Now, if the “upward pressure on prices” bit strikes anyone as ominous, there’s good reason for that. As I said, Starbucks can afford rents that the Mug or Beezy’s probably can’t, and that will remain true. Downtown Ann Arbor has seen the dark side of this pretty thoroughly over the last decade – anybody remember Leopold Bros’ closing up shop when their 7-year lease expired and the landlord raised their rent by 2/3? Just one example.

    Most in Ypsi would laugh if you brought it up as a concern right now (and some will say it’s exactly what we need), but “gentrification” is not a wholly inappropriate word to start thinking about. What I say as far as the economics of retail real estate and what I want for the community I live in are two distinct things – I’d like to make sure that Ypsi remains a place where kids fresh out of school can buy a house and have the choice of patronizing local indie businesses, but that’s not something that happens just by wishing it. That’s another longer conversation, though.

  47. Billy LaLonde
    Posted January 31, 2011 at 1:38 pm | Permalink

    Jake…I may be late for the next show. I need to swing by Starbucks and grab a venti stawberries jubilee frappacino on the way…I just wish there was a Starbucks closer to my house, then I could totally make it on time…hell, I’d even settle for a cherry slurpee in a pinch! Where are all the Starbucks and 7-11s in Ypsi?
    It sounds like O’Neal was looking for local tenants, but no one stepped up or surfaced. So, you have to fill it with something. Better than an empty storefront. Have you driven through downtown Flint recently? The last time I did, it was a very sad sight.
    I’ve never heard anyone bitch about the Jimmy Johns a block down, as they stuff themselves on bootleggers and club sandwiches. Maybe The Ugly Mugg should move down to this new development. They may increase their business with more student foot traffic. It would seem like a smart business move to me. Do they own their building, or lease? Why doesn’t anyone start up a small market there for students to do some light shopping at, within walking distance? A lot of people seem to think this would be a good idea, it should make money, right? Oh, that’s right…most people are all talk, criticizing on a whim, with no pipe to back up all the smoke they blow.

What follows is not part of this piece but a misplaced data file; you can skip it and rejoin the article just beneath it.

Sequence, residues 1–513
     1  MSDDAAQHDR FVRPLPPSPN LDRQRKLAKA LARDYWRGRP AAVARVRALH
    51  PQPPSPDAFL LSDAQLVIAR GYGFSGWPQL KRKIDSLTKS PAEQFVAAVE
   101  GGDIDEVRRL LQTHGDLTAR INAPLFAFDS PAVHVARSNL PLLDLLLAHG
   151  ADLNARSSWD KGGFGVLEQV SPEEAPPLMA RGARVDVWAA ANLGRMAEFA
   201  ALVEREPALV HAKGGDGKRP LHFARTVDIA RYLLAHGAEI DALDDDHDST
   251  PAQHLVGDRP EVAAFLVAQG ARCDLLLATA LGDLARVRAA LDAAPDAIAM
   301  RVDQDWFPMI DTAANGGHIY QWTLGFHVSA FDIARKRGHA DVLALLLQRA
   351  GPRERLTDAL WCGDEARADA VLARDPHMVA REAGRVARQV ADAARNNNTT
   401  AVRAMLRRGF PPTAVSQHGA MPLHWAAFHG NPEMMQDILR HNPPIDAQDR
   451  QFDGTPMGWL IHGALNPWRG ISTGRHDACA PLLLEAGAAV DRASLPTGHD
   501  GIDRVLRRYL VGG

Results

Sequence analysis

Is this blog located under a bridge or something? Because, all I see here are no named trolls, posting cheap insults and barbs under the safe cover of their hidey-holes. “Jizz Jake”? That’s classy…and if were going to keep it classy atf, then I must say, your comment reminds me of the best part of you…you know…the part that ran down your mother’s leg. Yeah…

  48. Ale Roka
    Posted January 31, 2011 at 2:46 pm | Permalink

    Thanks Murph. You said:

    I think (but am not positive) that the city does market-value assessment of commercial properties, rather than rent-value assessment. In the short-term, this means the difference in rent itself means very little to the city’s tax base.

    That’s my basic understanding, too. I was wondering what other factors I wasn’t considering, and you outline a few. (And, I do really appreciate your willingness to offer free mini-courses in urban planning for us readers.)

  49. EL
    Posted January 31, 2011 at 3:57 pm | Permalink

    Can’t we keep the same design aesthetic in the area?

    http://markmaynard.com/wp-content/uploads/2009/10/thomposnblockscaffolds.jpg

  50. notoneofthecoolkids
    Posted February 1, 2011 at 9:58 am | Permalink